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Denver’s Harm Reduction Action Center struggled to secure Narcan during worsening overdose crisis
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Narcan, the brand name for the drug naloxone, is used to reverse an opioid overdose.
Narcan, the brand name for the drug naloxone, is used to reverse an opioid overdose.

Update: As of February 17, 2022, Denver residents can order naloxone and fentanyl-testing strips through this order form from the Denver Department of Public Health & Environment. The order form is part of an effort from Substance Misuse Program to make the overdose-reversing drug more widely available. 

In November of last year, Rocky Mountain PBS reported on the dire need for Narcan in the city. Denver's Harm Reduction Action Center (HRAC), for example, struggled to secure enough Narcan as the city’s overdose crisis worsened.

You can read that original report below.


DENVER — It only takes a few seconds to administer naloxone, but those moments can be life-saving. 

In most scenarios, a spray of Narcan—the nasal version of the drug naloxone—in each nostril can be the difference between life and death. When used correctly, the medication can block certain receptors that opioids bind to and reverse an overdose.

Right now, the need for Narcan is more critical than ever. Over the last few years, an uptick in drug overdose has killed thousands of Coloradans. According to data from the Colorado Department of Public Health and Environment (CDPHE), from 2018 to 2020 a staggering 864 Coloradans died from fentanyl-related overdoses since the synthetic opioid took a deadly hold on Colorado’s illegal drug market.

So far in 2021, at least 525 Coloradans have died from fentanyl poisoning, more than five times the death toll in 2018 when illicit fentanyl first appeared in the state. 

“In 2019, the numbers were terrible. 2020, they are even worse, and we expect we’ll exceed the number of overdose deaths in 2021 in Colorado,” said Dr. Hermione Hurley, who works in Denver Health’s infectious disease clinic and substance-use clinic. Hurley regularly sees people with opioid dependency and substance use disorder.  

Harm Reduction Action Center's wall of remembrance shows the many lives lost to drug overdose in Denver. 

According to experts, many people who die from overdose don’t even know they have ingested fentanyl.

“Fentanyl looks innocuous. It looks like a little blue pill these days,” Hurley said. “But it actually can be a completely different potency, completely different surprising contents to people.”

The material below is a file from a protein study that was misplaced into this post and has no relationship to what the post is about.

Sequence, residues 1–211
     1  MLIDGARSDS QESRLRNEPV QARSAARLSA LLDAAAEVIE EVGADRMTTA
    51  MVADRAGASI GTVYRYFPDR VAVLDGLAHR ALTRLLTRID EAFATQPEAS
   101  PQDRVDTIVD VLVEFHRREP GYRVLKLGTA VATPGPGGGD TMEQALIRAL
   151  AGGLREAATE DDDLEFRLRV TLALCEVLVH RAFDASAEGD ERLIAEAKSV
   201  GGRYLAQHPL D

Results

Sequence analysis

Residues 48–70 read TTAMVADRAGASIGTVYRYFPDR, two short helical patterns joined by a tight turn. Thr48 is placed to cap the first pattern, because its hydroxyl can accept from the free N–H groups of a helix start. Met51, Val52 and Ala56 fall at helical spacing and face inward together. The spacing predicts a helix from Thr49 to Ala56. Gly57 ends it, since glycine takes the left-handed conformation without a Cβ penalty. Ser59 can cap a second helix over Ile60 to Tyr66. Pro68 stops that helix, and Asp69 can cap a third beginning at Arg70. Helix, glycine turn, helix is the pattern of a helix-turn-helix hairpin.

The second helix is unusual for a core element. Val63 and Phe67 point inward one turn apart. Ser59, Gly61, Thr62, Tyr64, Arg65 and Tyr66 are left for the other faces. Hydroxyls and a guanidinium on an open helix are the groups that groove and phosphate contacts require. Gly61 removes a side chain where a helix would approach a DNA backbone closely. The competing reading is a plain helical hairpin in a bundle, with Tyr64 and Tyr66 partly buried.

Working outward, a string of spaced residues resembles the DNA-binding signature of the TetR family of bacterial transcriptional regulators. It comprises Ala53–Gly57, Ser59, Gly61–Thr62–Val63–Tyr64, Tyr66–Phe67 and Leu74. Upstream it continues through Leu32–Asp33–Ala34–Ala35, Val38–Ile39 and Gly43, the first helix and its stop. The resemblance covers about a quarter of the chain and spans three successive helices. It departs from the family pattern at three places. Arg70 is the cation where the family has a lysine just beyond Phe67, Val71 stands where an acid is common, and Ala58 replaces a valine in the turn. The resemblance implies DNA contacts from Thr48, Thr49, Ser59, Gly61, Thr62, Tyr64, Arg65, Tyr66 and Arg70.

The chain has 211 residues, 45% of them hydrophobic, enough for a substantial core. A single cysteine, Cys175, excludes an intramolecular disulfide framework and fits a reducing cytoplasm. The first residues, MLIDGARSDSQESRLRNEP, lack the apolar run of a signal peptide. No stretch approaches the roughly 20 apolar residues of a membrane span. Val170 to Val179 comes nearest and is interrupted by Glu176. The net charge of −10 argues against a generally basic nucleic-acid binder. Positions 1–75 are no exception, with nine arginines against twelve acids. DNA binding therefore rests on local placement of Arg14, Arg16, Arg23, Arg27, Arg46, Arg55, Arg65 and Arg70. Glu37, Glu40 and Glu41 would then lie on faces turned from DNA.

Unlike heroin, illicit fentanyl is completely synthetic, making it extremely cheap to produce and easier to sell. State officials say they are seeing the drug trafficked into Colorado from Mexico, where it is manufactured from chemicals made in China. Often disguised as oxycodone and heroin (and mixed with other substances), the drug is 50 times more potent than heroin and 100 times more potent than morphine. According to the United States Drug Enforcement Administration (DEA), just two milligrams of fentanyl can be potentially lethal.

“People literally don't know what they're using or how they're getting it,” Hurley explained. “Things that are being sold on the street made to look like oxycodone are all fentanyl, some Tylenol, some antihistamine, whatever people can find. What people are getting is completely different from what they used to get, [it's] much more potent and much more variable.”

And overdose doesn’t discriminate, Hurley said. More people are dying younger and overall life expectancy is going down. 

“This is an epidemic of overdose, wrapped in a pandemic of a COVID-19. And it's overlaid on decades of racial and social inequity,” Hurley added.

To make matters worse, Narcan is difficult to come by this year. As executive director of the Harm Reduction Action Center (HRAC) in Denver, Lisa Raville has struggled to secure enough Narcan as the city’s overdose crisis worsens. HRAC, the state’s largest health agency for people who inject drugs (PWID), provides fentanyl testing strips, syringe disposal, hygiene products, food, vein care, and typically, access to Narcan. 

“We are in the worst overdose crisis we've ever seen in the United States, Colorado, and in Denver,” Raville told Rocky Mountain PBS. “There is a lot of grief happening among people who use drugs among service providers, because people we know, love, and serve are dying of preventable overdoses and it doesn't have to be so.”

Lisa Raville, executive director of the Harm Reduction Action Center in Denver

While HRAC has had access to naloxone since 2013, the need for larger quantities exacerbated in 2021, almost a year into the pandemic.

Prior to 2021, the organization received the opiate antagonists through the Naloxone Bulk Purchase Fund. Born from Senate Bill 19-227, the fund allows qualifying entities like HRAC to purchase naloxone or Narcan at low or no cost. HRAC is one of at least 25 entities in Denver that receives the life-saving medication from the fund.